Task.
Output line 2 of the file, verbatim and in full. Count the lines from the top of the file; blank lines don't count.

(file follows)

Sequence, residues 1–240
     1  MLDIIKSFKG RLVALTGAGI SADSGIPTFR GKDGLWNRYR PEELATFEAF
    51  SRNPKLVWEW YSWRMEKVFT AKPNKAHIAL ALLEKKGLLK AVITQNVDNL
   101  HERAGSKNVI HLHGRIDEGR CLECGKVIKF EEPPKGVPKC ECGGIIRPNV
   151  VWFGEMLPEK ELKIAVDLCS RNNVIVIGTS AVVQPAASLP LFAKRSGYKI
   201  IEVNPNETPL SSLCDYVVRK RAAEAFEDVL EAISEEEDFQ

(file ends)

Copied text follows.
     1  MLDIIKSFKG RLVALTGAGI SADSGIPTFR GKDGLWNRYR PEELATFEAF